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The Real Emergency in A&E HCL counts the cost of the staffing crisis

The Real Emergency in A&E – HCL counts the cost of the staffing crisis

The largest commercial provider of healthcare professionals to the NHS, HCL Workforce Solutions, has today revealed the extent of the real crisis in England’s A&E departments, as the chronic shortage of emergency doctors begins to impact Trust’s ability to maintain the service. HCL’s investigation The Real Emergency in Emergency Departments (http://www.hclplc.com/news/newslisting.aspx) points to the building of a perfect storm as NHS Medical Director Sir Bruce Keogh announces a national review of the service.

The specialist staffing solutions provider’s investigation, published today, echoes Shadow Health Secretary Andy Burnham’s recent comments that A&E departments are “overstretched and understaffed”, as the company explored the disproportionate requests for locum emergency medicine doctors in relation to its overall Doctors’ business.

Drawing on data from the HCL Doctors division, data obtained under a Freedom of Information (FOI) request made to 54 NHS Acute Trusts and interviews with A&E specialists, the paper paints a gloomy picture for the sustainability of the service:

Disproportionate staffing across what is a 24/7 service: Locum doctors made up almost a fifth of the medical staffing at weekends with around 13% supporting the service during the week.  HCL’s own data suggests that this is actually much higher. 

Some Trusts have been unable to get their staffing needs under control – particularly those who have not yet achieved Foundation Trust status where their average locum emergency medicine doctor spend is around &pound9.19 per patient compared with &pound3.16 per patient.  In some cases locums were being sourced outside the national framework agreements opening the system to unscrupulous agencies who were making headline profits at the NHS’ expense. 

The FOI revealed a fifth had vacancies for middle grade doctors with almost 40% consultant vacancies – flying in the face of the national policy for consultant-led care. 

In exploring the issues around the medical staffing crisis HCL found a number of major concerns which are converging to create a & lsquo;perfect storm’ in the service:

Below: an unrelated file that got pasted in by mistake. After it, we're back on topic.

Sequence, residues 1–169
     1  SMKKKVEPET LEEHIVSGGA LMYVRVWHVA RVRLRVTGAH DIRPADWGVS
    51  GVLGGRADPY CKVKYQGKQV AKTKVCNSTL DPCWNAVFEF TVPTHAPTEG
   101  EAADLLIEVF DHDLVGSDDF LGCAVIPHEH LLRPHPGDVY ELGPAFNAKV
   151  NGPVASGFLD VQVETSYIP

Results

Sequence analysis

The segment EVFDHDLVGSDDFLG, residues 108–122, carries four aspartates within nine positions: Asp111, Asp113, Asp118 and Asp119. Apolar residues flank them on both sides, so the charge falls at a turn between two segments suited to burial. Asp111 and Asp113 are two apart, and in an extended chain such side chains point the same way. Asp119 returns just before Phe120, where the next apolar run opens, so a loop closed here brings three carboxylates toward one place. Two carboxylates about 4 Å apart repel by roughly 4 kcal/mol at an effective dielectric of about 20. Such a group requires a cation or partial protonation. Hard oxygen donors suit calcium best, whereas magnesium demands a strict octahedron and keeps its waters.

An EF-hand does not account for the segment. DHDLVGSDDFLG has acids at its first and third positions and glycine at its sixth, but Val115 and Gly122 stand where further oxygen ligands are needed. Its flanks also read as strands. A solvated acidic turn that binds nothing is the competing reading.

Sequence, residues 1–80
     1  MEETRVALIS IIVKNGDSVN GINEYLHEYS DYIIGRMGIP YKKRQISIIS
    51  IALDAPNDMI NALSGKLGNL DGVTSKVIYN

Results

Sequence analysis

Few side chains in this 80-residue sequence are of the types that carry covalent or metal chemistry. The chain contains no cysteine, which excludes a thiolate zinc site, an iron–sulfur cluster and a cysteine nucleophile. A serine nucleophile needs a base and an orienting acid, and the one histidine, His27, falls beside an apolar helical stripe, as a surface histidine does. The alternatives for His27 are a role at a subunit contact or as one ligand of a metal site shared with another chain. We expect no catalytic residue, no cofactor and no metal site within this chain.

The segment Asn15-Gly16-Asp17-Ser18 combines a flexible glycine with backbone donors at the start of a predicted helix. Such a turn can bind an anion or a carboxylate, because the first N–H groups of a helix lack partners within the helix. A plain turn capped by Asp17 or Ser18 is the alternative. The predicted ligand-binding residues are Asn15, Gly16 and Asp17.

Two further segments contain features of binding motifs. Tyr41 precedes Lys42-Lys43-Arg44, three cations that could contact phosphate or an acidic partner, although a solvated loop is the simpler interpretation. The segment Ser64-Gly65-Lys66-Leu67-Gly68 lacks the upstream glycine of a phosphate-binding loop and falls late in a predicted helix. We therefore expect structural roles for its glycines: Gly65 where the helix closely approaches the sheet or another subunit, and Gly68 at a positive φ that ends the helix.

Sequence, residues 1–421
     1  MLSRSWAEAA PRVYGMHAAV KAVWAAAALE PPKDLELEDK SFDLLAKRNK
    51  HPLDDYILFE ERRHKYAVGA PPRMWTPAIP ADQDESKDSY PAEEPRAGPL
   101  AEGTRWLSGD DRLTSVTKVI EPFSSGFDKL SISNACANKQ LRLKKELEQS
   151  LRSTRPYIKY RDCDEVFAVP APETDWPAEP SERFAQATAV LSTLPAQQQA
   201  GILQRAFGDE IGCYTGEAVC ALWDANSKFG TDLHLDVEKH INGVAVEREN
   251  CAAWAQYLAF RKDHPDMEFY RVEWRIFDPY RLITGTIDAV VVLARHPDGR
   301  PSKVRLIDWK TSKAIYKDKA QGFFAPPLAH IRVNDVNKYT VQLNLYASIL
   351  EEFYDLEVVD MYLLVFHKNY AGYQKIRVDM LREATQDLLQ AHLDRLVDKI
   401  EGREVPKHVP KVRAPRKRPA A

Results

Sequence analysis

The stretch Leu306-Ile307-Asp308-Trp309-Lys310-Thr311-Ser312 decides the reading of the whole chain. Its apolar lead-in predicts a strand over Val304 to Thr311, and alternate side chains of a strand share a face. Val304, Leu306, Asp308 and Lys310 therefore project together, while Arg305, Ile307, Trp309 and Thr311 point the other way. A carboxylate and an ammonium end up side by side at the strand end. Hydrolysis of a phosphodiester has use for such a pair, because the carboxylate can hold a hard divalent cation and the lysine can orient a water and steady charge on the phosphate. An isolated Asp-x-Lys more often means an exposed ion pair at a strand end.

The creation of 26 Trauma Centres – where the best skills and equipment are pooled to create & lsquo;centres of excellence’ for urgent trauma care which intend to give patients a much greater chance of survival and rehabilitation – have created a pooling of talent at geographical centres. 

The choking off of further supply channels – the UK Borders Agency further increased restrictions on non-EU doctors coming to work in the UK in December 2012 while at the same time interest in medical students in becoming A&E specialists reached an all time low. 

Consultant-led care has been shown to lead to enhanced outcomes for patients but the existing consultant working model is still rooted in the 9-5 culture which means a continued reliance on locum consultants to deliver the service.  This is further undermined by the European Working Time Directive which restricts doctor’s working hours. 

Liz Bickley, Managing Director of HCL Doctors, said “For several years workforce planners, medical educators, professional bodies and the Government have identified the challenges of staffing NHS A&E services, but have not offered tangible solutions that resonate with those managing the shop floor.

“With over 21 million attendances recorded at A&E centres in England last year – and growing – we see no realistic reduction in demand in the short or even medium term, yet at the same time we are seeing a real crisis in medical staffing.  While we can provide them with high quality locum candidates via a Government Procurement Service framework to ensure continuity of their A&E service in the short term, a long term radical review of emergency medical staffing is needed.”

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